Personal finances are very important and not something many people like to discuss. Saving money and investing responsibility can help ensure you are prepared for the future. In a time where apps and technology rule our lives wouldn’t you think there are options that we can download to our mobile phones that will help in this area?
Well, there are several. But what ones can you trust and what ones are junk? After all personal finances and investing is serious stuff. Good finances contribute to living a healthy lifestyle, so it’s wise to pay attention to them. Here are some app recommendations that you can check out to assist you.
This app is for those who want to invest, yet have little money to put into the market. Many assume you have to have access to large sums of money to get involved in the market, but that just isn’t the case.
“Not everyone is going to have a lot of money to invest,” says Marc L Montgomery, DDS at Montgomery Dental Care, provider of the best types of cosmetic dentistry, “and even if you did, you need to learn how it works before you put your hard earned money into something you aren’t quite familiar with.”
Stash allows you to play the market with small amounts of money. We you beak, learn how it works and don’t be afraid to lose a bit. It can teach you a lot.
This app uses AI to determine what you can afford to save each month, then pulls that from your checking account to your Digit account. You don’t have to do anything if you don’t want to. The app handles it all.
“When you first set it up you tell them what you are comfortable with and it works around that,” says Andrew Tran of Therapy Blanket. There are also safeguards in place to ensure that your account is never overdrawn or bounces. This is all built into the software.”
The one downside is that you have to have an account with them, as the money pulled from your checking account goes into a Digit savings account.
This popular app takes your purchases and rounds up, and over time this adds up. It’s one of the most celebrated personal finance and saving apps, as the media has given it a lot of airtime.
“I like this app,” says April Gillmore of ClickFirst Marketing. “Let’s say you buy a coffee and it’s $3.78. The app rounds up, takes $4 from your account, paying for the coffee and then putting the extra 22 cents into your Acorn account. It may not seem like a lot, but over time this adds up and over the course of years it can be a significant amount of savings.”
Probably one of the most popular options, as it allows you to place free trades and track your stocks. This is the number one investing and stock apps among the Millennial crowd.
“There are many users that use this app simply to track stocks, even if they don’t use Robinhood for their trades, even though they should look into it,” advises Oliver James, CEO of PWD, Perth’s leading web design agency. ”Their fees are free and when you compare it to what some broker sites charge — around $9 to $15 per trade — you will see there is real value here.”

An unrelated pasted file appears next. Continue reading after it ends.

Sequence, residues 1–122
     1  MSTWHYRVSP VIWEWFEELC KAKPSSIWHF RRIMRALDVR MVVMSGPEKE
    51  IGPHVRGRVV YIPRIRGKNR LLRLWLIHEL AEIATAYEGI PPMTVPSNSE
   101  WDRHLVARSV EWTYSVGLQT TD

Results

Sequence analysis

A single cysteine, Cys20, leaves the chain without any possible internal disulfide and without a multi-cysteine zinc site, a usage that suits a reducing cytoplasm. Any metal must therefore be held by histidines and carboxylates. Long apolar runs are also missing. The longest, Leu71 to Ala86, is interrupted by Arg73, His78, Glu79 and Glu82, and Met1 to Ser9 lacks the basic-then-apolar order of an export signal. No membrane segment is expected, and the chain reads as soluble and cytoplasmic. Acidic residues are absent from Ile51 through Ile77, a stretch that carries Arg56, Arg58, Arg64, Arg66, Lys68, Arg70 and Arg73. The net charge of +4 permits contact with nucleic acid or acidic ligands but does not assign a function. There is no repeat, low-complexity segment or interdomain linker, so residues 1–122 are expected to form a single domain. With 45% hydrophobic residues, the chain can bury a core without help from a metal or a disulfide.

The name alone has caused this app to go viral, as ‘Robinhood’ is a great play on their whole ‘trade free’ concept.
This is a credit monitoring service, and it will give you your credit scores for free. This is important, because if you don’t keep track of your credit then you could potentially put yourself into a bad place down the line, and one that isn’t even necessarily your fault.
You have to constantly monitor your personal credit,” says Tad Thomas of injury attorneys firm Thomas Law Offices. “Not because you are irresponsible, but because your personal information is always at risk of being hacked and used to open accounts in your name. A service like Credit Karma will alert you anytime there is activity on your credit reports.”
This is a virtual piggy bank that is a tool you can use to help you save. No AI or magic done-for-you technology, but it gives you full control to make decisions based on suggestions.
“This free app doesn’t have all the bells and whistles as other options, but it’s a great free app that makes you think about saving,” says Chris Moberg of IKEA mattress review site Slumber Search. “You have to do the actual saving, but having an app like this is a good reminder. Think of it like a personal training app. You have to do the actual work — it’s just there to motivate you.
Imagine you go out to eat and you tip your server, but what about you? Well, now you can. Anytime you want.
“This is just a convenient way to move money into your savings, small amounts at a time,” explains Karen Anderson of The Probate Law House, where they explain that most banks will require a grant of probate. “A lot of people will shy away from making one large lumpsum transfer into a savings account, but they will make several smaller ones.”
At the end of the month it may yield the same results, but the person is able to reach that number because they are doing it in what they feel is tiny little amounts, but what they end up doing is tricking their mind. So, if you need to trick yourself to save more, then so be it.